The Darwin Economy: Liberty, Competition, and the Common Good
by Robert H. Frank. Princeton, New Jersey: Princeton University Press, 2011. xvi, 240 pp.
Robert H. Frank is an economics professor at Cornell University’s Johnson Graduate School of Management. He is the author of three other popular books, author or co-author of two economics text books, and a regular “Economics View” columnist for The New York Times.
The premise of capitalism is that individuals, operating in their own best interests, are guided by “an invisible hand” to create value for the common good. But Frank makes the case that, even with perfect information and rules to assure competitiveness, the common good is not always served by individuals doing what is in their own best interests. One problem is that performance is graded on a curve. And a second follows from this: Without collective action, there may be a disadvantage to even doing what is in my own best interests because of the costs associated with making this choice.
One of his illustrations brings this home in a profound way. Evidence was gathered on the safety benefits of helmets for hockey players the National Hockey League. In spite of the research, individual players did not wear the helmets out of fear that they would lose a slight competitive advantage by wearing a one when others didn’t. But when put to a vote, the players voted overwhelmingly to adopt a rule requiring they be worn by all. This is the only way they could gain safety without losing competitive advantage.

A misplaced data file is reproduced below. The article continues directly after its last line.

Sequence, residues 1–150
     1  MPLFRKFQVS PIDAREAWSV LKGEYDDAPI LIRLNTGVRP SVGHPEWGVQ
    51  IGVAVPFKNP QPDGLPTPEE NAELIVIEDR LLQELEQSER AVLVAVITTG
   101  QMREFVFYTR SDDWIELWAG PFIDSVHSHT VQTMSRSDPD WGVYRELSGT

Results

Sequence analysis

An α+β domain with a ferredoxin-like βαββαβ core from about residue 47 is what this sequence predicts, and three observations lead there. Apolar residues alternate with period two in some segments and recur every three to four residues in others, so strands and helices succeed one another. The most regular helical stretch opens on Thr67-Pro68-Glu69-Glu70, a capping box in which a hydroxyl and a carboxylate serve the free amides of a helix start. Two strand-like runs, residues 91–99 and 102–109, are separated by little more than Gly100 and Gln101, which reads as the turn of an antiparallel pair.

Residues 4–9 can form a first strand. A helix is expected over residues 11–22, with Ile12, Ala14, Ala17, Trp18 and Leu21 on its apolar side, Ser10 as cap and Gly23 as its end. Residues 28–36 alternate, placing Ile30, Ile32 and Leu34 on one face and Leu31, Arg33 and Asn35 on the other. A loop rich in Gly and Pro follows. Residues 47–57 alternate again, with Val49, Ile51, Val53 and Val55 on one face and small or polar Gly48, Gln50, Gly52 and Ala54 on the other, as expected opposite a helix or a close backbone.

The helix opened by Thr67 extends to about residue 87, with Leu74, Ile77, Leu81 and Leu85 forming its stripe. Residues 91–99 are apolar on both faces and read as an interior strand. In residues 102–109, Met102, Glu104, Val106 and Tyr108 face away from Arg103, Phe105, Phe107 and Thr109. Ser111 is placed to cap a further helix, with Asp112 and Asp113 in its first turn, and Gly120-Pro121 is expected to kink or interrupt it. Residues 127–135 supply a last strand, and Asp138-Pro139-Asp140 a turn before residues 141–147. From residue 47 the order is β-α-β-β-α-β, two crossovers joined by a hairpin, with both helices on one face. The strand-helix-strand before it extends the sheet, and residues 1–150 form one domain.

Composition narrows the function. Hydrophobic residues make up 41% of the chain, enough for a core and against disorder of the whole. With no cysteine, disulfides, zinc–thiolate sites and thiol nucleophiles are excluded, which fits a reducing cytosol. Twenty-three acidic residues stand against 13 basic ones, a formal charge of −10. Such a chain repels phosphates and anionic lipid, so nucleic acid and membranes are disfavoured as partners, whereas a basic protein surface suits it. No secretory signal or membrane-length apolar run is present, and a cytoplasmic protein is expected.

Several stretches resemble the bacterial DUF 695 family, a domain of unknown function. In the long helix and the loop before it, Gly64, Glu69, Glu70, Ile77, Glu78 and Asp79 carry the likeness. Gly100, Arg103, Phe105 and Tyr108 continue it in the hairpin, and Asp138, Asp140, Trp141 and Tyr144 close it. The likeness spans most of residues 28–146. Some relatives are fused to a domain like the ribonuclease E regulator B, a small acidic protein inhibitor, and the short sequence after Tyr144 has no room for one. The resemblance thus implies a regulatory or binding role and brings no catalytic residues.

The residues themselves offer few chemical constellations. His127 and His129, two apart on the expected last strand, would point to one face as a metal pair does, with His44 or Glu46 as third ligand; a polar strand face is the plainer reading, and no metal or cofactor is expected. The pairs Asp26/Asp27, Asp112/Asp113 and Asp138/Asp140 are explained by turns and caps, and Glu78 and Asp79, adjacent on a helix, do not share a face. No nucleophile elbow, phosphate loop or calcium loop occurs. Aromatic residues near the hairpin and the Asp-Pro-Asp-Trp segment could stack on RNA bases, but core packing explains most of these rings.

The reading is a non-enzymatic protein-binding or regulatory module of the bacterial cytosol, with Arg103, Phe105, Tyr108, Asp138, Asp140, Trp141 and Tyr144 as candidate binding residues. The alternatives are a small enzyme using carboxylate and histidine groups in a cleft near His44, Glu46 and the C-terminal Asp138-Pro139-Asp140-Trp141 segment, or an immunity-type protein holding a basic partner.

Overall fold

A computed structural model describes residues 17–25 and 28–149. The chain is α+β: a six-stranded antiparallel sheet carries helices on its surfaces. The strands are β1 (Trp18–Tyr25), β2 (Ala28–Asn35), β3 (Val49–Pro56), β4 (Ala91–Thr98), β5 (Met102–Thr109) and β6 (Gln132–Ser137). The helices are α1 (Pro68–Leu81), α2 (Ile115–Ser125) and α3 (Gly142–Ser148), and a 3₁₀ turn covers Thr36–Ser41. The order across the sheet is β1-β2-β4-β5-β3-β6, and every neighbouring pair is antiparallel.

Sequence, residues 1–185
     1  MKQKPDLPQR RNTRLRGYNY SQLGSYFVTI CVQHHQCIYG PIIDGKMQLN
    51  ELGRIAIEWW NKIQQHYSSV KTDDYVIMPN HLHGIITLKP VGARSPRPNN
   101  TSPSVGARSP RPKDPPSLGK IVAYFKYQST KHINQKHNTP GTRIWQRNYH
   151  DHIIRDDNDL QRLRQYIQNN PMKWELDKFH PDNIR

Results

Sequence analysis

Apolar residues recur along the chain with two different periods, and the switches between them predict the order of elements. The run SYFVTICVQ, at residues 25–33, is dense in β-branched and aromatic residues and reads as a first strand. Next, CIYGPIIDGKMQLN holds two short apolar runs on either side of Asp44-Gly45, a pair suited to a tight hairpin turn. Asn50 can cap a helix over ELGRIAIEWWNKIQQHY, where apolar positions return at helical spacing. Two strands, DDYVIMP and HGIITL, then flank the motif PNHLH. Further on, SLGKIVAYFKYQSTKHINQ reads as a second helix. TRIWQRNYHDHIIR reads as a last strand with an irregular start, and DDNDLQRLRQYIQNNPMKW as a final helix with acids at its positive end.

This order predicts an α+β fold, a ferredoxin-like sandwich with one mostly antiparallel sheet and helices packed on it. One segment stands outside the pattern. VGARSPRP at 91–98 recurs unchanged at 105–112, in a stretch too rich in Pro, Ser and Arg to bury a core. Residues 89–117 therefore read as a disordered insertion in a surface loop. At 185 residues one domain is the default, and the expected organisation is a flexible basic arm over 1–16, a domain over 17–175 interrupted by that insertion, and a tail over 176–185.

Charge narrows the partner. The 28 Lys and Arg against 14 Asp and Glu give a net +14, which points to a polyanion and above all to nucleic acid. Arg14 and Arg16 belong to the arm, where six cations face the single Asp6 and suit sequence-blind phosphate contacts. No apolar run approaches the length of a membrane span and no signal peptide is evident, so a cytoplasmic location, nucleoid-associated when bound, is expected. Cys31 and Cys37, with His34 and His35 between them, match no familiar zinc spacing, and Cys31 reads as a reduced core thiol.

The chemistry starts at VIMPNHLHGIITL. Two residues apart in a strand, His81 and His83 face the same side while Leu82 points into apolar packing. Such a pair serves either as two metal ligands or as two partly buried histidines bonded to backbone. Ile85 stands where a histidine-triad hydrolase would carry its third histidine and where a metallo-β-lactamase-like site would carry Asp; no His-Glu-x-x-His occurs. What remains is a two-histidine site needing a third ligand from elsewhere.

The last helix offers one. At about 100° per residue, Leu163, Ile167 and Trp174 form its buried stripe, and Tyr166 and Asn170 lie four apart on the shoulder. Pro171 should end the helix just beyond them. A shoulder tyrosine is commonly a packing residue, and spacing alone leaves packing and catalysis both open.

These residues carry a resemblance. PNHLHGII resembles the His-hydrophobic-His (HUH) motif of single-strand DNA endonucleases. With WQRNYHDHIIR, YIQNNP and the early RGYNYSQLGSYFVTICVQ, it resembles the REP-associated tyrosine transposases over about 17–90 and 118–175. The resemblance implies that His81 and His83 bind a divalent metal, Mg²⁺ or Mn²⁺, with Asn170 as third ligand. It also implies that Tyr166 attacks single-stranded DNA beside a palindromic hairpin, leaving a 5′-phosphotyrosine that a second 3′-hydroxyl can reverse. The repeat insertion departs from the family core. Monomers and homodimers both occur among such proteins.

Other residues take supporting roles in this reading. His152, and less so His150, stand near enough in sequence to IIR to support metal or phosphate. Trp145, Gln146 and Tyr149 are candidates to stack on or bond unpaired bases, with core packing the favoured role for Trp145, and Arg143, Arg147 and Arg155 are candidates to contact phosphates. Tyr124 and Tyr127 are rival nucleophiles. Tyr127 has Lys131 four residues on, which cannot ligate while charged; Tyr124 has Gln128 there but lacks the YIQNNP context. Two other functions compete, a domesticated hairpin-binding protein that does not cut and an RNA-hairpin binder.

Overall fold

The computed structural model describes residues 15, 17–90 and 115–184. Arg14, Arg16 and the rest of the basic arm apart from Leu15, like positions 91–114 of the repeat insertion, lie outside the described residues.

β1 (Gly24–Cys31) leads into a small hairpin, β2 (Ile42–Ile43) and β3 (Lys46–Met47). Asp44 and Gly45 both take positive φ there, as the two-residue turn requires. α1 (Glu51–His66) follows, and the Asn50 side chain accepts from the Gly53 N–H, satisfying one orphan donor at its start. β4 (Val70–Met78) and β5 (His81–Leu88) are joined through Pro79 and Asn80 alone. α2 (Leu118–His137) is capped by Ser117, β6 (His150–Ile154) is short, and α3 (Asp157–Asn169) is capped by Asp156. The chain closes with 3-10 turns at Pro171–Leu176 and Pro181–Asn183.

Individual choice tends to move toward the relative advantage at the moment. This forces choices against the good of the individual, and against the common good. In this sense, capitalism operates more like Darwinian evolution, where individual choice for the survivor may work against the best interests of the species. The cover photo to two elk clashing over the right to pass on their genes to the next generation has led to elk with huge antlers. These same huge antlers work against the species making them vulnerable to prey as they pass through dense foliage.
Frank often draws on his work in behavioral economics to explain how people really make decisions rather than how they might make decisions if they were fully rational.
The book is delightfully written with many illustrations and thoughtful arguments. He takes on the libertarian position, not be disagreeing with libertarian assumptions, but by using those assumptions to show the breakdown of the common good. One particularly fascinating section is his libertarian argument for a progressive tax system (p. 126).
I doubt that the case Frank makes in this book will be ultimately persuasive to those who see the world through a different lens. But even those who disagree with him should enjoy the carefully crafted, fun, arguments, and the insightful illustrations. I highly recommend this book.
Reviewed by Al Erisman